Carlos Ormazabal in 2011 started the Foundry MC in Madrid, Spain with humble beginnings.
Let’s see what Carlos has to say about him in his own words.
For more than 19 years I worked for Nikon in Spain, the last years dedicated to the NPS or Nikon Professional Service.
Travel, international events such as Olympics and World Cups were my daily basis during those years. But my fondness for motorcycles goes back to my pre-adolescent days.
Like many others, at the age of 15 and growing up in a modest family, I saw motorcycles like the Cow Boys horses of the American western films: the saddle of the lonesome hero, the self-made man who can to face any challenge or danger.
Over time, I owned many of them: my first Vespino, with which I travelled everywhere (without a helmet, what a danger) and with which I ride many proximity trips around Barcelona.
After that, it came many more – Vespa Primavera, Cagiva Blues, BMW K75, Suzuki SV650, BMW R1150R, always with that naive individualistic spirit.
Today we have an opportunity to understand Foundry MC more closely as we talk with Carlos.
1.How did Foundry MC start?
Carlos: First, we were just a bunch of folks, and we spent time chopping their bikes at home. Then just chilling and driving them through Barcelona and surrounding areas to show them and enjoy them.
They were small cylinder engines, not the usual Harley Davidson Sportster, though we all love them. That was the seed of The Foundry MC. Later on, I took the name of the group to establish my workshop after leaving Barcelona and move to Madrid.
Still friends of some of that guys, and even sold some bikes to them. That was just before the boom of new cafe racer bikes, only when Wrenchmokees, El Solitario begin to cope with the motorcycle world and Pipeburn or BikeExif where just motorcycle blogs.
2.Do let us know about your current projects/work?.
Carlos: Currently, I run a small workshop and mostly building bikes for customers. Though I was initially thinking of making my bikes and sell them, currently I’m building bikes under customer’s requirements.
I add my experience and recommendations, but the final look is mostly what the customer wants.
I’m not focused in a particular style or type of bike, though I’m more know for my BMW K75/100 6V builds and Triumph Speedmaster/America too. Also, for the first time, I’m working in a show/prototype bike for another country that could be the model for a production bike.
3.What is the most challenging build/bike that you had to build to date?
Carlos: Undoubtedly, my Yamaha XJ600 Cafe Rafer. And it was because it was the first time I built a bike following a drawing, done by Nuno Capello. Actual bikes and illustrations are not the same, and it was quite challenging to find a way to match as much as possible the render.
4.What is the most critical component in the motorcycle, according to you?
Carlos: Can’t just be focused on a single part, though frame could be a real challenge when thinking in a particular look.
But like shoes in a men’s wardrobe, probably wheels are the most underrated yet eye-catching element in a bike.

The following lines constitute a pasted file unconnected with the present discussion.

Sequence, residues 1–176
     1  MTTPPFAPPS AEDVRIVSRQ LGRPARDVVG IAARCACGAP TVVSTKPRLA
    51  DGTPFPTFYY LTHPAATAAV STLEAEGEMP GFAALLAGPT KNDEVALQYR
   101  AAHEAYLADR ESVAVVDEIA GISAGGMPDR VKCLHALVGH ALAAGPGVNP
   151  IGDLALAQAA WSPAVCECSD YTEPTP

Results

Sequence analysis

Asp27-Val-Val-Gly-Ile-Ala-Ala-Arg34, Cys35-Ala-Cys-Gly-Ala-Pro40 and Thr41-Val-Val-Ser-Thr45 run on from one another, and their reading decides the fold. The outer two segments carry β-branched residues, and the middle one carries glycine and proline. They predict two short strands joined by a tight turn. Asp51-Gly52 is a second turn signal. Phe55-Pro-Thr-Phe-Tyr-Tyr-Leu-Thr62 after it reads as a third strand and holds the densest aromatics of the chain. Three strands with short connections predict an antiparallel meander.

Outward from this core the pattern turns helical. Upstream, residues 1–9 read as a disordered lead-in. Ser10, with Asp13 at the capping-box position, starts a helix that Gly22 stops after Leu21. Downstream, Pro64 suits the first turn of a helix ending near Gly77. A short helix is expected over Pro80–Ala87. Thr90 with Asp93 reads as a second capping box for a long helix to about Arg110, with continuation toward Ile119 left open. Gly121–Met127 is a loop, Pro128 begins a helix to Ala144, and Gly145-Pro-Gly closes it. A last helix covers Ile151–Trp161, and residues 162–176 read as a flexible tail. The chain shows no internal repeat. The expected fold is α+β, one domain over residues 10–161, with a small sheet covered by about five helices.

I always first have to choose wheels and tyres before starting to chop anything in my cycles.
5.What do you think about electric bikes?
Carlos: From the custom point of view, I don’t have any specific choice as a donor bike. Electric or fuel I’ve seen a lot of beautiful custom bikes and also actual nightmares. I.E. DeBolex Engineering, Bizarro Corp. both they have electric bikes with a fabulous look.
I want to build a bike from an electric donor. But IMO still a lot of shades in the electric world as battery life is not enough to match fuel engines. But I think it will come in 5-10 years.
6.Are you open to build an electric bike? As electric is the trend these days.
Carlos: 100% yes. I loved to build one for sure.
7.What would you like to call yourself? Builder, Innovator or Designer? And why?
Carlos: I see myself as an artisan. I have multiple skills from painting to welding to mechanics I’m not the best in any of them, at all – and I think I have a sort of technical+artistic eye.
Not too edgy at any point, that makes my builds classic and classy, for the average guy that wants to be different but not trying so hard. Not a designer nor a “builder” per se as I modify bikes. Neither innovator.
Max Hazan IS an innovator and actual builder. Fred Kugger too. I’m far away from that genius, but fortunately living my dream life.
8.What is the one thing that you like in motorcycles?
Carlos: Sense of freedom and independence.
9.How do we see Foundry MC five years down the line?
Carlos: Honestly, don’t know. When starting this, I couldn’t imagine I would be here as I was thinking about building bikes for myself and sell them one by one. But now I’ve five motorcycles in my workshop at the same time, and none of them is mine nor my project.
I’ll be almost 65 in 5 years, and I would love to be back in my original idea of building one or two personal bikes a year, with my criteria. But who knows.